Digital design tools are now undergoing a transition of application scope, expanding beyond their initial technical domains and leveraging the flexibility of the digital medium.
Digital means of communication are enabling the self-organisation of new cultures as well as decision-making structures revolving around the possibilities inherent to the digital realm. Design tools are slowly catching up - to a certain extent – by building upon the flexibility of parametric design in order to improve the communication channels of the design process, thus signalling the achievement of a certain “digital maturity” of the architectural design community. Unfortunately, the current state of collaborative design software is catering exclusively to the needs of the technical stakeholders involved in the design and building process, namely architects, engineers and builders. In our contemporary world, where social change and action is not only supported but triggered by digital communication tools, the design disciplines stand to lose credibility if they will not take initiative and tap into the existing expectations of collaboration that today’s society now harbours.
The following paper puts forward a new research direction for the design of digital tools that aims to investigate ways in which to make the design process more open and approachable by non-technical stakeholders. A design never exists independently from the tools that are used in its creation and vice versa. As such, it is important to note that this entails both a technological development effort as well as the elaboration of a methodological package that supports the meaningful usage of said tools - essentially an active tectonic study that manifests as an accelerated feedback loop between both tool and process development.
In the first section we put forward the concept of mass creativity as an extension of mass collaboration. Within this context we introspectively define the role of an architect as a translator between the various interests of the stakeholders involved in the design process. The second section subsequently looks at the tools that a designer has at hand to accomplish this role. We critically analyse the notational paradigm upon which contemporary digital tools are based on and outline both their disadvantages and strengths that can be speculated. Following this, the third section concerns itself with outlining a case study which reveals how a different approach to using digital design tools – one that renounces the classical notational paradigms – can be applied. Two more similar examples are outlined in the fourth section in support of “de-aesthetised” digital design. We subsequently conclude by acknowledging the importance of creating digital tools and methodologies that support the designer in fostering the emergence of mass creativity, thus responding to one of the main challenges of today.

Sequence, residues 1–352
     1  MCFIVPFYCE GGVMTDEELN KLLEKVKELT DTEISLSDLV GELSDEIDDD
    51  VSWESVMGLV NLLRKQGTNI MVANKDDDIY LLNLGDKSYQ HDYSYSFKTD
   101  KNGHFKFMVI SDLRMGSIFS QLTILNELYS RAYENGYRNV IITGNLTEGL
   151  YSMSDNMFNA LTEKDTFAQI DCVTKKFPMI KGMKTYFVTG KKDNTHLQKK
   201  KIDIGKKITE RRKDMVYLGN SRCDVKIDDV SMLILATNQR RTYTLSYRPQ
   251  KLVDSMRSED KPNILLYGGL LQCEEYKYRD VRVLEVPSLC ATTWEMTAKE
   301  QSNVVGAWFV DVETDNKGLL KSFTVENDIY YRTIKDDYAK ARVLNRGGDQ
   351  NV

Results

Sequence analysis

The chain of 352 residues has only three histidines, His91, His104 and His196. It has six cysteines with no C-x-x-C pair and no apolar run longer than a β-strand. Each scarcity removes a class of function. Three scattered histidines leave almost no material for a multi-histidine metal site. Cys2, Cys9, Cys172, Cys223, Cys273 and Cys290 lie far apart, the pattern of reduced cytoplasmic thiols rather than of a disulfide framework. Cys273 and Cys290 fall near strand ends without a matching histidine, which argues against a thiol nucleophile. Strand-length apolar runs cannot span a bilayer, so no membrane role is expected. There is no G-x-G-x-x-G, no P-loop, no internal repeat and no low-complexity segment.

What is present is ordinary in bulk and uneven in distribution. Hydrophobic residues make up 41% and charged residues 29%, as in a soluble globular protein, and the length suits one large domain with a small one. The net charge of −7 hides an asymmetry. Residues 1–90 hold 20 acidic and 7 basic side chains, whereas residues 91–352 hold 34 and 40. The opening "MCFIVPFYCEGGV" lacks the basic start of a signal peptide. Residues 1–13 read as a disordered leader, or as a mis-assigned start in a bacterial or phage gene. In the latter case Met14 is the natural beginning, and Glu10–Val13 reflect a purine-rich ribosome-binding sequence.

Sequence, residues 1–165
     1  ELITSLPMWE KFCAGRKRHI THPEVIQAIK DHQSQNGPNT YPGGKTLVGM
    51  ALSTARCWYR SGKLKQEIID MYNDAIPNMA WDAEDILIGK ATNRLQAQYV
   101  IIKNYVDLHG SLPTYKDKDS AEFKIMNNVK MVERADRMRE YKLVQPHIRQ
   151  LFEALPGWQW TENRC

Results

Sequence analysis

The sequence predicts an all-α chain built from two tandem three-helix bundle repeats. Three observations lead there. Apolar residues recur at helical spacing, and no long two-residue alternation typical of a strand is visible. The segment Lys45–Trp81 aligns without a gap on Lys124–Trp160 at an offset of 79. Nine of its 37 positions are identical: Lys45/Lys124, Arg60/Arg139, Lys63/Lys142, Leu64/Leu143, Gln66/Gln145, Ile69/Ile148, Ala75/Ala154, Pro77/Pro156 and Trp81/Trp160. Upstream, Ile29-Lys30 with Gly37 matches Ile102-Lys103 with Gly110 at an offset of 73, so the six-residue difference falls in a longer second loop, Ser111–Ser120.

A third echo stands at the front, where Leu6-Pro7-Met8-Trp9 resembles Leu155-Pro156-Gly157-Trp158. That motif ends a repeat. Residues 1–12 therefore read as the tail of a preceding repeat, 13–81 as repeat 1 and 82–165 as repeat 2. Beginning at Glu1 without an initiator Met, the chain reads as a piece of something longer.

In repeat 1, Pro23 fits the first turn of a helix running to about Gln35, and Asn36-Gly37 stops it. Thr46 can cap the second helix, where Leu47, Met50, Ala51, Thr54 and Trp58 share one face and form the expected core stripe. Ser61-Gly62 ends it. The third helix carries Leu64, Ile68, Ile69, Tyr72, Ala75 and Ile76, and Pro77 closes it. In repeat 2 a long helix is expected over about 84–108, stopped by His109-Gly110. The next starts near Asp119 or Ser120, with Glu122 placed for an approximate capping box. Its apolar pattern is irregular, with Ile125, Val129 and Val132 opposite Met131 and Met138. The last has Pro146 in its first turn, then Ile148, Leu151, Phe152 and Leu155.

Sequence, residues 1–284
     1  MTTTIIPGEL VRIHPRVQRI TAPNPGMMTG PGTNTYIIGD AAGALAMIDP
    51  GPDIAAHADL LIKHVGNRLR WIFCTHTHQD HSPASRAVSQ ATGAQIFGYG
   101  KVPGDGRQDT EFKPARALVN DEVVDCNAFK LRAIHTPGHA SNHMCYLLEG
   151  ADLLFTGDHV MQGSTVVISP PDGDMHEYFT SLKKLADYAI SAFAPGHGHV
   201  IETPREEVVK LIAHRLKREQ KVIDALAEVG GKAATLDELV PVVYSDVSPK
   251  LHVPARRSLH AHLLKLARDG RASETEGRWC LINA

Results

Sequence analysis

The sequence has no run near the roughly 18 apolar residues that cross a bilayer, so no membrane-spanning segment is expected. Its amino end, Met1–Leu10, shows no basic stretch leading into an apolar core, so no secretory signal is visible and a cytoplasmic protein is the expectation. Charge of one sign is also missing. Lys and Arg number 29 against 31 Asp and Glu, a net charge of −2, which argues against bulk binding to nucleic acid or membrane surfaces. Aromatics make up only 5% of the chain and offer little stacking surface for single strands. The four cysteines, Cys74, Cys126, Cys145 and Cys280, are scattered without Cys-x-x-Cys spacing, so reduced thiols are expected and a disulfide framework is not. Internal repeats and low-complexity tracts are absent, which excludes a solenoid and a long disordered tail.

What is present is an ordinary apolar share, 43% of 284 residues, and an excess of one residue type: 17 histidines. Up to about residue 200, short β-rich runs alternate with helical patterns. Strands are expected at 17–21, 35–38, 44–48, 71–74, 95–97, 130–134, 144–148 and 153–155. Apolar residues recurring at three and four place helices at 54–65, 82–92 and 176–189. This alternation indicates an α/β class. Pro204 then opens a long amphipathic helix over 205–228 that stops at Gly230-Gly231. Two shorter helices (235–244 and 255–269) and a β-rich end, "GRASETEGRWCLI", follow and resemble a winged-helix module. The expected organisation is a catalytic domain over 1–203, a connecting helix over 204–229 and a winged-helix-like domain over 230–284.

A Case for Mass Creativity
Collaboration has become embedded within today’s design environment as projects are no longer the result of an isolated creation process, but an emergence of a myriad of interactions between various human and non-human actors. Architects, engineers, banks, communities, politicians and various other animate and quasi-inanimate agents contribute towards the final embodiment of a specific design and its subsequent evolution.
As such, we can justly state that the built environment is, at a global level, an emergent feature that results from countless interactions of material and social flows. Extrapolating further, there is no fundamental difference to speak of between the laws that govern the processes that give birth to Cultural artefacts, and those of Natural artefacts: they both share the same generative principles loosely aggregated under the umbrella term of “emergence”.
The contemporary new materialist school of thought, spearheaded by science and technology studies and anthropology, have gone further and argued for the dissolution of the Modern dichotomy between Nature and Culture (Latour, 1993), (Descola, 2013). Furthermore, the concept of a static, finite, encapsulated object is no longer valid. In its place we now observe the emergence of large-scale patterns from the interactions of various flows of matter-energy. Bruno Latour calls them quasi-objects: objects that are only defined by their web of interactions - a conglomeration of threads representing process flows that give birth to recognisable features (DeLanda, 2000). These ideas lend themselves well to aspects of computational design that we shall elaborate on in the following section.
One of the most powerful implications of this “non-modern” context is that we, as designers, are part of the swarm of decision makers whose actions lead to the crystallisation of the built environment. Our creativity and contribution to the development of a project is equally valuable as that of all the other stakeholders involved in the process, both animate and inanimate.